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  • Top golfers boost Games bid


    06/10/09

    HALLE, Germany (Reuters) - Leading golfers and a global audience of more than half a billion people are the sport's biggest assets as it bids to rejoin the Olympic Games, according to the Olympic Golf Committee's executive director.

    "Professional golf is televised each week in 231 countries, translated into 30 languages, with the reach of more than 589 million households," Ty Votaw told the Around the Rings website (www.aroundtherings.com) on Wednesday. The committee was set up to promote golf's bid to return to the Olympics.

    "From a competitive standpoint, golf would bring many of the most recognizable international athletes to Olympic competition, thus further influencing the relevance and attraction of the Olympic Games throughout the world."
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    The sport, last played at the 1904 St Louis Games, is one of seven vying for Olympic entry for the 2016 Games as the International Olympic Committee (IOC) seeks to modernize its Olympic program.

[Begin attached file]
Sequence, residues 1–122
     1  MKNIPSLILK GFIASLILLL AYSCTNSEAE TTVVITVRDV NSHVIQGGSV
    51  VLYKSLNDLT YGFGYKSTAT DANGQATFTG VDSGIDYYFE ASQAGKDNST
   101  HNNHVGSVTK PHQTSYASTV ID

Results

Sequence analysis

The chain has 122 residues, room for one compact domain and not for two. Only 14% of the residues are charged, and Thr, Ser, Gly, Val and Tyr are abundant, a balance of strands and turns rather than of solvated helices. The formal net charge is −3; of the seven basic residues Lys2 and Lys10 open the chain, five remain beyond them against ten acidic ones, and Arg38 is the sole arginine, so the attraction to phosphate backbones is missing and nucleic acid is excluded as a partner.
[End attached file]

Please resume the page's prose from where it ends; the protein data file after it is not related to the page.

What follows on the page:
Baseball, karate, softball, squash, rugby and rollersports are the other candidates for up to two places on the program with a decision due in October.

    The IOC is eager to revamp the program to attract younger fans and viewers and has insisted new sports should assure the presence of their top athletes to attract the largest possible audience during the Games.

    Europe's 2010 Ryder Cup captain Colin Montgomerie will plead golf's case in front of the IOC's executive board next week.

    Votaw said no new facilities would need to be built for the sport given that all 2016 bid cities -- Tokyo, Chicago, Madrid and Rio de Janeiro -- had courses that with some modifications could host the Olympic golf competition. The host of the 2016 Games will also be chosen in October.

    The IOC has said a maximum of two sports can come in but it could also vote to leave the 26-sport program as it is.

    (Editing by John Mehaffey; to query or comment on this story email sportsfeedback@thomsonreuters.com)

    http://www.washingtonpost.com/wp-dyn/content/article/2009/06/10/AR2009061000589.html